Read Like A Writer
There are two ways to learn how to write fiction: by reading it and by writing it. Yes, you can learn lots about writing stories in workshops, in writing classes and writing groups, at writers' conferences. You can learn technique and process by reading the dozens of books like this one on fiction writing and by reading articles in writers' magazines. But the best teachers of fiction are the great works of fiction themselves. You can learn more about the structure of a short story by reading Anton Chekhov's 'Heartache' than you can in a semester of Creative Writing 101. If you read like a writer, that is, which means you have to read everything twice, at least. When you read a story or novel the first time, just let it happen. Enjoy the journey. When you've finished, you know where the story took you, and now you can go back and reread, and this time notice how the writer reached that destination. Notice the choices he made at each chapter, each sentence, each word. (Every word is a choice.) You see now how the transitions work, how a character gets across a room. All this time you're learning. You loved the central character in the story, and now you can see how the writer presented the character and rendered her worthy of your love and attention. The first reading is creative—you collaborate with the writer in making the story. The second reading is critical.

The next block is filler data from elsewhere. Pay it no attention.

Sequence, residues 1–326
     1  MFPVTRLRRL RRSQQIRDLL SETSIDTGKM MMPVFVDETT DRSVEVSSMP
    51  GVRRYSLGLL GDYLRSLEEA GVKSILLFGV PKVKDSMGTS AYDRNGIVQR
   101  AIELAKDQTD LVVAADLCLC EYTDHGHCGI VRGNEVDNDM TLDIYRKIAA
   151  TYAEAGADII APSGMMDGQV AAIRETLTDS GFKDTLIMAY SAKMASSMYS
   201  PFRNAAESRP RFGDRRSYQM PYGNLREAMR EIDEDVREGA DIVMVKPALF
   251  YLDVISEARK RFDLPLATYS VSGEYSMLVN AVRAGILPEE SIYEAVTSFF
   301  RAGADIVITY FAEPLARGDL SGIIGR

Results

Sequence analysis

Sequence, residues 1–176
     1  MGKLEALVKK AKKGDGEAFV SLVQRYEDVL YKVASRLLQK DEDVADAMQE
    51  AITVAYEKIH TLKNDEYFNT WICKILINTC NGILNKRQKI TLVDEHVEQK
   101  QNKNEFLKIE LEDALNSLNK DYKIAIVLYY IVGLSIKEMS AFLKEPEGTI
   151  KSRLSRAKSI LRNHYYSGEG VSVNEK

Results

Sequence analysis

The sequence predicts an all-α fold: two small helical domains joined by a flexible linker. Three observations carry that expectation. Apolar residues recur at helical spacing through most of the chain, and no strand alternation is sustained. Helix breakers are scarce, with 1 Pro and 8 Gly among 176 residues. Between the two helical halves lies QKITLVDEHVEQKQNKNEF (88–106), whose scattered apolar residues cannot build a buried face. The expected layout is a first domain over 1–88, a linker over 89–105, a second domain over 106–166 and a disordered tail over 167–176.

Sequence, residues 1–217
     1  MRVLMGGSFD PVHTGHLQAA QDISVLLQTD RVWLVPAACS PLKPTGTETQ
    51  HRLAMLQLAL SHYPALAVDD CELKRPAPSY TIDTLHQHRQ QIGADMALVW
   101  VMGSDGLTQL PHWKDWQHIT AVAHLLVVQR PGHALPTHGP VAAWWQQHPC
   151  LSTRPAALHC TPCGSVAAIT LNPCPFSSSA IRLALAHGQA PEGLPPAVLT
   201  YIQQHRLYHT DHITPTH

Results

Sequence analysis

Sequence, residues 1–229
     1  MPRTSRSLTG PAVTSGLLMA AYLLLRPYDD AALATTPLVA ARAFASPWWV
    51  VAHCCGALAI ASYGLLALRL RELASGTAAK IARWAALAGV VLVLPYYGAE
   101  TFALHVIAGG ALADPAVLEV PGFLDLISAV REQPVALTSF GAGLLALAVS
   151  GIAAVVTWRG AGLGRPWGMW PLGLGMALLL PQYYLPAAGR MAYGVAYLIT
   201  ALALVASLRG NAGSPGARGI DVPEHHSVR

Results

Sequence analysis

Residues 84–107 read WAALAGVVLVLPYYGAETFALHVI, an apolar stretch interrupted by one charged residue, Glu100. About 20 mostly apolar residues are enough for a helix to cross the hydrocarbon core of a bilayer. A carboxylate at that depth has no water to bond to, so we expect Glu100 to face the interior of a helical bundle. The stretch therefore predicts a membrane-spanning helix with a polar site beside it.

John Dufresne, from his book, The Lie That Tells A Truth: A Guide to Writing Fiction
Saturday, December 26, 2015
Running For Governor by Mark Twain
A few months ago I was nominated for Governor of the great state of New York, to run against Mr. John T. Smith and Mr. Blank J. Blank on an independent ticket. I somehow felt that I had one prominent advantage over these gentlemen, and that was--good character. It was easy to see by the newspapers that if ever they had known what it was to bear a good name, that time had gone by. It was plain that in these latter years they had become familiar with all manner of shameful crimes. But at the very moment that I was exalting my advantage and joying in it in secret, there was a muddy undercurrent of discomfort "riling" the deeps of my happiness, and that was--the having to hear my name bandied about in familiar connection with those of such people. I grew more and more disturbed. Finally I wrote my grandmother about it. Her answer came quick and sharp. She said: